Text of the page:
(Additional) Verify that Huffman encoding is indeed bounded above by $H(X) + 1$. What distributions can you construct which define the best and worst cases for Huffman encoding?
\end{exercise}
\section{Universal Encoding}
Back when we were building fax machines to communicate information, the first compression mechanisms used a random piece of paper to determine a distribution on which to build the encoding and compression. However, nowadays the big difference between techniques we just learned (Huffman encoding, etc.) and tools we often use (GZip, etc.) is that we don't know the probability distribution for these compression tools.
Thus, we come to the topic of universal encoding, where we have an input of $W \in \Sigma^n$, and our task is to compress to $\{0, 1\}^*$. We'll example the Lempel Ziv algorithm, which has empirically performed well, and later we'll consider other algorithms for certain classes of probabilistic sources of $W$.
\subsection{Lempel Ziv algorithm}
The algorithm takes the following approach: first decompose the string $W$ into small pieces, written as a composition $W = S_0 \circ S_1 \circ S_2 \circ \dots \circ S_m$, where $S_0 = \lambda$ is empty. Then, for all $i$, we write $S_i = S_{j_i} \circ b_i$, where $j_i < i$ and $b_i \in \Sigma$, and we try to take the longest $S_{j_i}$ possible such that $S_i \neq S_j$ for $j < i$. The general intuition is we express later strings as earlier ones plus some character $b_i$ such that they remain unique. The encoding would thus be $E(W) = (j_1, b_1), (j_2, b_2), \dots, (j_m, b_m)$, and if we have a lot of these $j_i$ then that's not good, but if we only have a few then that's great!
\\\\
\textbf{Example 2.} Visually, a possible decomposition looks like:
$$W = 010111001101111101$$
$$= [0] \hspace{2mm} [1] \hspace{2mm} [01] \hspace{2mm} [11] \hspace{2mm} [00] \hspace{2mm} [110] \hspace{2mm} [111] \hspace{2mm} [1101]$$
$$\Rightarrow (\lambda, 0), (\lambda, 1), (A, 1), (B, 1), (A, 0), (D, 0), (D, 1), (F, 1)$$
Here, we would ultimately encode $\lambda, A, B, \dots$ in $\sim \log n$ bits.
\\\\
\textbf{Warning:} Small strings can possibly get longer after being compressed. It takes much longer strings for Lempel Ziv to ``get going" and result in actual reductions in length.
\begin{exercise}
Find a prefix-free encoding of $\mathbb{Z}^+$ that encodes $n$ in $\log n + O(\log \log n)$ bits.
\end{exercise}
We now analyze the performance of Lempel Ziv; if we consider $W = W_1, \dots, W_n$ with $W_i \sim P_X$ i.i.d. then as $n \rightarrow \infty$, with high probability the length of compression approaches $(H(X) + o(1)) \cdot n$.
\begin{exercise}
Apply Lempel Ziv to the following sequence:
$$W = 010011000111000011110000011111$$
In addition, what would you conjecture are the worst and best case strings for the effectiveness of Lempel Ziv compression?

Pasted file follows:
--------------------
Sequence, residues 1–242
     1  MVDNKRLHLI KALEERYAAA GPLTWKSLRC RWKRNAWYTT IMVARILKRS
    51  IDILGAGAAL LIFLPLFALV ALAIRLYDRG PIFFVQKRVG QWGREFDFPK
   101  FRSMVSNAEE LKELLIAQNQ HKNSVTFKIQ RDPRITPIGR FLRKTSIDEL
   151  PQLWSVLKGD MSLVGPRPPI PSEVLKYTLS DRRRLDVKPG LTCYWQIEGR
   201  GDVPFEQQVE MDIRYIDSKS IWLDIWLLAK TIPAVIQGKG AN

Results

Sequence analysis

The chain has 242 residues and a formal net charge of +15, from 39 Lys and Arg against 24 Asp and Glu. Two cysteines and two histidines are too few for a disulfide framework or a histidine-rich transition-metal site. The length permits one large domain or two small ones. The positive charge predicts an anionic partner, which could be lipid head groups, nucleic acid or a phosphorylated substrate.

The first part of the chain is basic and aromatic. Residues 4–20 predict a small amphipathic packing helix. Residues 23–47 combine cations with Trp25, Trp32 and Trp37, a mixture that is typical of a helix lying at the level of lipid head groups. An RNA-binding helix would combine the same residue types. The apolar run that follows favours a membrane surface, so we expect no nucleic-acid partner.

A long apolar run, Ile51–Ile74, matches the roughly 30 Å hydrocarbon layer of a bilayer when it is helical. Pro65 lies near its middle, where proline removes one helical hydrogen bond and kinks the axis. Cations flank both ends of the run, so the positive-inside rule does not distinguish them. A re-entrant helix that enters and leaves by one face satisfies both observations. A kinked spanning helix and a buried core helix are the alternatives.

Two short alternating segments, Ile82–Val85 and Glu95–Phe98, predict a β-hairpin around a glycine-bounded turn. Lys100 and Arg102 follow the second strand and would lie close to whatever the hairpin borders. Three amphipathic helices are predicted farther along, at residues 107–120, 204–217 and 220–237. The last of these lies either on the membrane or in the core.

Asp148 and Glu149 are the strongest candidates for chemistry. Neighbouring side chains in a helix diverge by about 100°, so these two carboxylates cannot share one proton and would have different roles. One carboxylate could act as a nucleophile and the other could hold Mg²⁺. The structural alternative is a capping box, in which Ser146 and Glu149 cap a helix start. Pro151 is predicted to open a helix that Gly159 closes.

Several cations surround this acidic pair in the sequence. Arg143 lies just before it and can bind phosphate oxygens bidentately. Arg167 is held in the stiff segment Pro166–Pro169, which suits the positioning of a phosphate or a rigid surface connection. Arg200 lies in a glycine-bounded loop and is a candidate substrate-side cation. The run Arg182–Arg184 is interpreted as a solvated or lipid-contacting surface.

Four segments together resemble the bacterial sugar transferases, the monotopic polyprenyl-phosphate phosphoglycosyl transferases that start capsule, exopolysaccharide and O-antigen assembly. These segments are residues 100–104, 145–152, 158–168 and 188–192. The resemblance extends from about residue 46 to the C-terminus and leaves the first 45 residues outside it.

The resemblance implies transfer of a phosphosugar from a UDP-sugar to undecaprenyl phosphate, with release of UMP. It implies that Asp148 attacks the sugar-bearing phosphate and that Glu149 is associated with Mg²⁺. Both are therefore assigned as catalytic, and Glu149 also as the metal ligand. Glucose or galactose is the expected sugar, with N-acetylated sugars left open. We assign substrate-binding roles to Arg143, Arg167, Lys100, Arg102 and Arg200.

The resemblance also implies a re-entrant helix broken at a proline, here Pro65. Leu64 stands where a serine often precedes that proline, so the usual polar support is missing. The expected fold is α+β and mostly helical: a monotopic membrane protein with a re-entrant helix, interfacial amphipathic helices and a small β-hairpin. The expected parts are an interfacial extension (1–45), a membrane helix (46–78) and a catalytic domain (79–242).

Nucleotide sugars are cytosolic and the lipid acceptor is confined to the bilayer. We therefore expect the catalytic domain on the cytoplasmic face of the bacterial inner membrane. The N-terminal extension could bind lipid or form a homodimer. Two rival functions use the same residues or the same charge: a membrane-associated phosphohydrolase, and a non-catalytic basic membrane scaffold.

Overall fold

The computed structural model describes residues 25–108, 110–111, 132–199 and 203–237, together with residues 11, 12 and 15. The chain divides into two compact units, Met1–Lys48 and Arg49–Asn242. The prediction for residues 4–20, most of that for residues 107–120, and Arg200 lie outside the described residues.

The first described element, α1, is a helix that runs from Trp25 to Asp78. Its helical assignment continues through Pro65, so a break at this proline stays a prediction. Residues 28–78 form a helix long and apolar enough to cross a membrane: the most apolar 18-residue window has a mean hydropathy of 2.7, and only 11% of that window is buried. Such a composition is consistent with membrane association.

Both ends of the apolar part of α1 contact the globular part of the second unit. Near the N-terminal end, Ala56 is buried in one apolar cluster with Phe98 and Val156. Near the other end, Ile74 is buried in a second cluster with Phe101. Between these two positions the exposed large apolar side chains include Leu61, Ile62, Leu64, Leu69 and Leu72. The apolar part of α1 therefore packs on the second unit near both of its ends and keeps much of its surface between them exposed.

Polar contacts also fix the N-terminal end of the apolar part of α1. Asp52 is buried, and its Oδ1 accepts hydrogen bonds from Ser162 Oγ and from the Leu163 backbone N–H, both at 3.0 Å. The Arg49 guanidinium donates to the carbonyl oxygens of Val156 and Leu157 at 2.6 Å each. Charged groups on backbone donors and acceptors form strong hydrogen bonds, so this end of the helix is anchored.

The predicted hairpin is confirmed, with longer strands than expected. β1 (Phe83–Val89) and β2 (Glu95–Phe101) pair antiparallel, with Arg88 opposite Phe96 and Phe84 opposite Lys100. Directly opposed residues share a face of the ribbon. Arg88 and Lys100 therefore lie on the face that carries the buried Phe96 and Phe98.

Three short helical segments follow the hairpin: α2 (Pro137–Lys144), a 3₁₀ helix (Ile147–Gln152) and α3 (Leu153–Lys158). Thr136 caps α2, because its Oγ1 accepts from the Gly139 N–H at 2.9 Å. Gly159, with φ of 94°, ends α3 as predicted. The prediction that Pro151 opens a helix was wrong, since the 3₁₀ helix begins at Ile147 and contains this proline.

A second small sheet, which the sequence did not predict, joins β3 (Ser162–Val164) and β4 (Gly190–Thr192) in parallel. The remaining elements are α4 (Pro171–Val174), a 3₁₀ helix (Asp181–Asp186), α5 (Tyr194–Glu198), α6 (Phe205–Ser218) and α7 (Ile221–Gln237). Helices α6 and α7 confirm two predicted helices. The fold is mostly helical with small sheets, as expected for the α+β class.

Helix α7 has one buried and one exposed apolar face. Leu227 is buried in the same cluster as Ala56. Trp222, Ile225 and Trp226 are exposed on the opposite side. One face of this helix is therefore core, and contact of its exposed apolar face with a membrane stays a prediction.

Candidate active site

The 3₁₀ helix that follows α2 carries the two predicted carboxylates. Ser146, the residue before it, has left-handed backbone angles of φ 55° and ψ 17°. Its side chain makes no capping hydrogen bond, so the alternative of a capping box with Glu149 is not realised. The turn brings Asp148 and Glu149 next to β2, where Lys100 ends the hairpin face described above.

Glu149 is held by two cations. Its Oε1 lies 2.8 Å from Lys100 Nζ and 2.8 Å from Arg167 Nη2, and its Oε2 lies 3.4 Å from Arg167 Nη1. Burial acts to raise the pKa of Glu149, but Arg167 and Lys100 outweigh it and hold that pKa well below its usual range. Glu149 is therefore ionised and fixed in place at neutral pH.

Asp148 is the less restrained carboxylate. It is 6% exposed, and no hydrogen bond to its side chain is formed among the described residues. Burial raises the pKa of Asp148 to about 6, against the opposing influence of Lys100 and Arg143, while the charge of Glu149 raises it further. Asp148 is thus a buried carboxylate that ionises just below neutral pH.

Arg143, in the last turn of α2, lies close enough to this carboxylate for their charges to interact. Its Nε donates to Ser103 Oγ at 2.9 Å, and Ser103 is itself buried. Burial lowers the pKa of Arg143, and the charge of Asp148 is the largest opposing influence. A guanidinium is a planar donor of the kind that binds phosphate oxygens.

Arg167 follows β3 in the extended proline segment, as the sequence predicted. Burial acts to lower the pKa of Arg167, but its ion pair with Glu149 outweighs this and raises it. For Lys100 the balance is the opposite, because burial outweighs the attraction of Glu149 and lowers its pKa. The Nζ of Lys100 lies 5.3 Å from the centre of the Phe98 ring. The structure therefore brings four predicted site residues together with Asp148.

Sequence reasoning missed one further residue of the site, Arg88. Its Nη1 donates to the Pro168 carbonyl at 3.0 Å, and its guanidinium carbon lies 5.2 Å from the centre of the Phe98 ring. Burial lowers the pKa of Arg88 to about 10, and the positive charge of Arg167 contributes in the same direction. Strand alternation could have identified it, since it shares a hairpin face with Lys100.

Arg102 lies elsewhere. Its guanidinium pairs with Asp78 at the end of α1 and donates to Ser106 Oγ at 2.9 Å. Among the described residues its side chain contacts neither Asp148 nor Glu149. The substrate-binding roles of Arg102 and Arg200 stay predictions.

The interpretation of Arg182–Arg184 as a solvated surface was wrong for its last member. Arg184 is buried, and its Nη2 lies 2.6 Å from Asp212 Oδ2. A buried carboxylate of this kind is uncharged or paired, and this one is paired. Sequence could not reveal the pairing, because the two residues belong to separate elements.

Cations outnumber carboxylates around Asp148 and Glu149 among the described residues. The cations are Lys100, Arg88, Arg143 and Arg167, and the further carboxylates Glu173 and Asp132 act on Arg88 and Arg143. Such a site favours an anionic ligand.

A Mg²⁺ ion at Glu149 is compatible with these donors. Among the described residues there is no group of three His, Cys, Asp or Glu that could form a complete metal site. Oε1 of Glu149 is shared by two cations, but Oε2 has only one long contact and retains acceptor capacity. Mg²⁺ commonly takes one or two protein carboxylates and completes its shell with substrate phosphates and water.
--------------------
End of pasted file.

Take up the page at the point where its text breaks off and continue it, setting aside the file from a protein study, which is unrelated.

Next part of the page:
\end{exercise}
\subsection{Markovian sources}
We will now observe that Lempel Ziv also successfully compresses Markovian sources, which aren't i.i.d. like what we've considered so far.
\begin{defn}[Markov chain]
a (time invariant) \emph{Markov chain} is a sequence $Z_1, Z_2, \dots, Z_n, \dots$ such that:
\begin{enumerate}
\item $Z_n | Z_1 \dots Z_{n-1} \sim Z_n | Z_{n-1} \hspace{4mm} \forall n$, and
\item $Z_n | Z_{n-1} \sim Z_m | Z_{m-1}$, transitions always happen with same probability distribution.
\end{enumerate}
\end{defn}
\begin{defn}[k-state Markov chain]
If we consider $Z_i \in \Gamma = \{1, \dots, k\}$, then this forms a \emph{k-state Markov chain}, which is given by a $k \times k$ matrix $M$, where $M_{ij} = \Pr[Z_2 = j | Z_1 = i]$. In addition, we will only consider Markov chains that satisfy:
\begin{enumerate}
\item irreducibility, meaning the chain is strongly connected, and there exists a path between every pair of vertices, and
\item aperiodicity, meaning $\text{GCD}(\text{cycle lengths}) = 1$.
\end{enumerate}
And in particular we know that for all chains $M$ that satisfy these conditions, there exists a \emph{stationary distribution} $\Pi: \Pi(M)$ such that if $Z_i \sim \Pi$, then $Z_{i+1} \sim \Pi$, or that in any point of time, each edge is equally likely to be traversed.
\end{defn}
Thus, we can calculate the entropy of the chain $M$ as:
\[
H(M) \triangleq \lim_{n\rightarrow \infty} H(Z_n | Z_1 \dots Z_{n-1})
\]
This can be interpreted as, given the chain goes on forever, how much do I need to say about the current state to get the next state. Note that we can thus transform this into:
\[
H(M) \triangleq \lim_{n\rightarrow \infty} H(Z_n | Z_1 \dots Z_{n-1}) = \lim_{n \rightarrow \infty} H(Z_n | Z_{n-1}) = H(Z_2 | Z_1)
\]
Note that there are some Markov chains that we can't do anything about, particularly those where we cannot tell where we started given the current state of the chain. However, there is a nice class of models for which Lempel Ziv works well on.
\begin{defn}[Hidden Markov Models]
Given a model with $X_1 \dots X_n$ such that $X_i \sim P_{Z_i}$, then there exists an underlying Markov chain $Z_1 \dots Z_n$ upon which the model's states are drawn. The sequence $\{X_1\}$ is what's observed, and the Markov chain exists in the background.
\end{defn}
Lempel Ziv can compress these Hidden Markov Models, which is quite impressive!